In 1826 France, Joseph Niepce would take the first-ever photograph from a homemade camera of the upstairs view of his estate, probably not knowing he was changing the face of history. From early man cave paintings to the hundreds of years of works in The Louvre, humans have been depicting and capturing moments in time for thousands of years. Today, we take for granted the meshing of metal, plastic, and glass in our pockets and the ability to freeze those moments in time. It would only take 30 years for the technology used for that first innocent photograph to completely change the way law enforcement and the justice systems collected and preserved evidence.
We have definitely come a long way, since then and technology has become more portable, easier to use, and continues to change the legal world. The phrase “ a picture tells a thousand words” is one most people have heard and used but what does that mean exactly? If I described to you a white flower with delicate petals on a green stem what do you see? A Daisy, Rose, maybe a Lily? Even if I become more detailed in the description there is not a guarantee that you are going to see what I am trying to convey. Photographic evidence when used correctly still proves to be the best way to convey something to someone. To try to show what actually happened. Photographic evidence collected and used every day in every area of law, from criminal to personal injury it’s one of the best tools anyone can have.
While not technically considered evidence themselves photographs are still a tool used to provide a visual representation of events. Photographic evidence is utilized worldwide by investigators and defenders to assist in uncovering the truth. The most important use of photographic evidence is documenting a scene. Taking photographs of every detail is important, most notably law enforcement does this when investigating crimes. Of course, you see this all the time on television, as your favorite rebellious good guy/lady cop walks on to a crime scene to see an alleged robbery gone wrong, and there are three or four investigators walking around putting yellow cards with numbers everywhere and snapping pictures. That actually happens and when done right can really help with proving a case. Using photographic evidence doesn’t only apply to criminal matters.
Photographic evidence isn’t only limited to one area of law but can be applied to many different areas. Take personal injury cases, it can be months and years after the accident before it goes to trial, so keeping a record is very important. Having you or your client collect photographic evidence of their injuries, their property, and the scene is important. Those images can be an influential tool to show the insurance company or jury your client’s injuries before they were healed, they will show that property damage before it was repaired or replaced and that scene covered in shattered glass and twisted metal before it was cleaned away.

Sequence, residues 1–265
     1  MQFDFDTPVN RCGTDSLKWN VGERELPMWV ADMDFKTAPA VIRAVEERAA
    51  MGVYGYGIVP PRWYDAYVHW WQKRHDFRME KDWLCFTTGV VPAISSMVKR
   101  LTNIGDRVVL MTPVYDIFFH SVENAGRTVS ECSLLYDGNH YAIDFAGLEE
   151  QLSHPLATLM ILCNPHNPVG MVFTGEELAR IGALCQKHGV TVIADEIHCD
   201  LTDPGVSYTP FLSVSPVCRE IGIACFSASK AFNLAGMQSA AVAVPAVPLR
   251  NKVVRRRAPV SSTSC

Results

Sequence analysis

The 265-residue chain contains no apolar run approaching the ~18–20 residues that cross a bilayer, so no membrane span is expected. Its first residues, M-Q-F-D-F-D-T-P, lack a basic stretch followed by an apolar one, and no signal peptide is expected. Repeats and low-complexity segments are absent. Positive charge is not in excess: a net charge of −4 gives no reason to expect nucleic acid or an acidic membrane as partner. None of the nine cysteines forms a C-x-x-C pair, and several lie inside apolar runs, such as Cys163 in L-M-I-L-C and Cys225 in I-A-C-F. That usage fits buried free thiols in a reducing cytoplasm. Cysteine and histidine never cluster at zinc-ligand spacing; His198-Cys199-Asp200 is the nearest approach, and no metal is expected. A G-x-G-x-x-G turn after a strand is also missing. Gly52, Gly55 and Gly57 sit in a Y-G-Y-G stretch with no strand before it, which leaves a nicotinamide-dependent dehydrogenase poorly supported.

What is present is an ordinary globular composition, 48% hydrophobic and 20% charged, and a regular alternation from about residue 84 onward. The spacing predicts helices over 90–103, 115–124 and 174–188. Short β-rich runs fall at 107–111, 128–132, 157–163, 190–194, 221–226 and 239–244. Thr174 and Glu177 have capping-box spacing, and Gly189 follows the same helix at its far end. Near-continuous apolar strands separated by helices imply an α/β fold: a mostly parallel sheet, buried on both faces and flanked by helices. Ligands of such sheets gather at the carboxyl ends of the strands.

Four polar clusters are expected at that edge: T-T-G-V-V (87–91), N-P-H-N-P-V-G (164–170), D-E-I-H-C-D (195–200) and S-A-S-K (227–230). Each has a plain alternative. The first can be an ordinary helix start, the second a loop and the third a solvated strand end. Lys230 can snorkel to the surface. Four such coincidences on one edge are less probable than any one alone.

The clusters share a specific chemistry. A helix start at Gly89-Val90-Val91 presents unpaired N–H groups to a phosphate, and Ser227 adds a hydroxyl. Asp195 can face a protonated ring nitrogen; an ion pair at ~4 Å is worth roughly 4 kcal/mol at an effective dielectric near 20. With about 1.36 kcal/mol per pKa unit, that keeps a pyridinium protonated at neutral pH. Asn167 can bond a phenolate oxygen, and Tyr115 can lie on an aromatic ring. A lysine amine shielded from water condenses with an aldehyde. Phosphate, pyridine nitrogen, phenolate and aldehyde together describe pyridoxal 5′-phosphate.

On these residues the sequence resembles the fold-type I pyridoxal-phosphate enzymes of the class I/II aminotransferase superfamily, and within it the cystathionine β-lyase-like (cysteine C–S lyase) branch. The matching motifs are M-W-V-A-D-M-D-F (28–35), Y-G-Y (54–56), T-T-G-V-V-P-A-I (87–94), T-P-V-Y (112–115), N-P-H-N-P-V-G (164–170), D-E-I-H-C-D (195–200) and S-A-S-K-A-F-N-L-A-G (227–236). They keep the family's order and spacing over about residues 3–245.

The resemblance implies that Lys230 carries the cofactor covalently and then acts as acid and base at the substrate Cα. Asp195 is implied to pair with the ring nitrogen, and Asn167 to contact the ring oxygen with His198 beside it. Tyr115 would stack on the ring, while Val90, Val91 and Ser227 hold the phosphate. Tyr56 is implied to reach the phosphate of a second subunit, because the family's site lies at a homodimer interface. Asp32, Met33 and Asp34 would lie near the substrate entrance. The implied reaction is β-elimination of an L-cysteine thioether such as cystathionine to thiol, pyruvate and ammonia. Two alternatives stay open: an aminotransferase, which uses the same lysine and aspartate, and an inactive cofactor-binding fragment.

Another reason photographic evidence is important is that when your client has gone through something tragic they may not remember every detail nor understand where that car came from or their attacker. Photographic evidence can assist in recreating the scene so that experts can assist in proving certain details of a story are correct or incorrect. While you hope as the client that your attorney believes you and as an attorney that your client is telling the truth photographic evidence is always good to have on your side. The more evidence you have the better. All of that evidence you have collected will help build a case hopefully in the client’s favor.
Of course, this works both ways. With the invention of social media, photographic evidence is everywhere so claiming your client was horribly injured but there are pictures out there of your client rock climbing in Mexico a few days after their “life-changing” accident may not work so well in their favor.
Another maybe not so obvious legal area photographic evidence is its use in family law. Probably one of the toughest areas to prove, when he said she said they said there can be a lot of noise and it can be difficult to hear what is really going on but seeing is believing in. Keeping a record of events and photographic evidence can provide assistance by providing a visual representation of abuse, and negligence. Conversely, it can also provide a visual of togetherness, happiness, and love. These are important aspects when trying to prove your case.
We’ve come a long way from men in caves painting photographic evidence of the world they lived in. When used correctly photographic evidence can be a powerful tool. Whether you are trying to prove innocence, show fault, or build a preview into the life of a family a picture speaks louder than words.
If you would like to learn more about how photographic evidence can help your case, contact our office for a free consultation (817)841-9906.